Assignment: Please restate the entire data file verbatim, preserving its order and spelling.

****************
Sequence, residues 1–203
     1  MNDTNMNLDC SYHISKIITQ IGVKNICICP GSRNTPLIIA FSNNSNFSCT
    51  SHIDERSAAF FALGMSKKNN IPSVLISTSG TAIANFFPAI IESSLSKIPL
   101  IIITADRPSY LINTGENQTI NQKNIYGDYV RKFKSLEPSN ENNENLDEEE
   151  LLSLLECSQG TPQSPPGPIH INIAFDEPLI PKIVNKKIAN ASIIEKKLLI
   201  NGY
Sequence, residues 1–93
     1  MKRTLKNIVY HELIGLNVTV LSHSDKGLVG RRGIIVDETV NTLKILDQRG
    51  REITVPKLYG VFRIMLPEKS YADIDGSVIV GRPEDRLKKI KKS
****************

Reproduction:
Sequence, residues 1–203
     1  MNDTNMNLDC SYHISKIITQ IGVKNICICP GSRNTPLIIA FSNNSNFSCT
    51  SHIDERSAAF FALGMSKKNN IPSVLISTSG TAIANFFPAI IESSLSKIPL
   101  IIITADRPSY LINTGENQTI NQKNIYGDYV RKFKSLEPSN ENNENLDEEE
   151  LLSLLECSQG TPQSPPGPIH INIAFDEPLI PKIVNKKIAN ASIIEKKLLI
   201  NGY
Sequence, residues 1–93
     1  MKRTLKNIVY HELIGLNVTV LSHSDKGLVG RRGIIVDETV NTLKILDQRG
    51  REITVPKLYG VFRIMLPEKS YADIDGSVIV GRPEDRLKKI KKS